New Delhi: The Supreme Court on Thursday said it will hear pleas challenging the constitutionality of the Citizenship (Amendment) Act (CAA) after arguments in the Sabarimala matter are over, asking senior advocate Kapil Sibal to mention the matter immediately after the Holi break.
Sibal sought urgent hearing of the CAA matter, saying that till date the Centre has not filed a reply. Attorney general K.K. Venugopal told the bench of Chief Justice S.A. Bobde, Justices B.R. Gavai and Surya Kant that the Centre would file a reply in two few days.
On January 22, the CJI-led bench had given the Centre four weeks’ time to respond to as many as 140 writ petitions filed challenging the validity of CAA, according to LiveLaw. The bench had also indicated that the matter might be referred to a constitution bench.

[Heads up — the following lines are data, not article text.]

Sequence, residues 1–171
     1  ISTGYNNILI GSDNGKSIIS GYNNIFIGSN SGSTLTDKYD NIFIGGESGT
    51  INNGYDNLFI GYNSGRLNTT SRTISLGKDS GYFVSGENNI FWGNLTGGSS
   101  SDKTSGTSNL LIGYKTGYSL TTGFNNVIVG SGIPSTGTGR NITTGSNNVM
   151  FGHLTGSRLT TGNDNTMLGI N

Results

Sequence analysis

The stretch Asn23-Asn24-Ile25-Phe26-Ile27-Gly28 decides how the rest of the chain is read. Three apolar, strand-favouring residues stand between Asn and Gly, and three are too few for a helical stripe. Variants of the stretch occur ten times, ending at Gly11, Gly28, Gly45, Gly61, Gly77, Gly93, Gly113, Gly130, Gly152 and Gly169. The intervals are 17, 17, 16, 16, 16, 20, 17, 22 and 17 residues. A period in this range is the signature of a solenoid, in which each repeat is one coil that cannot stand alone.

The controversial Act grants fast-track citizenship to members of six non-Muslim communities who faced religious persecution in Pakistan, Afghanistan and Bangladesh and who had entered India before December 31, 2014. It is being challenged on the ground that it offends Article 14 (equality before law) by bringing in religion-based discrimination. Some petitions also argue that the law violates the basic structure principle of secularism by linking citizenship with religion.
Protests have erupted across the country against the Act, which many fear that if seen in conjunction with the National Register of Citizens (NRC), could result in the disenfranchisement of Indian Muslims.
The Supreme Court will be closed for Holi vacations between March 9 and March 16. A vacation bench will be constituted to hear urgent matters during this period.
A nine-judge bench is re-examining various religious issues, including the entry of women into the Sabarimala temple and various mosques, and the practice of female genital mutilation in the Dawoodi Bohra community.
(With PTI inputs)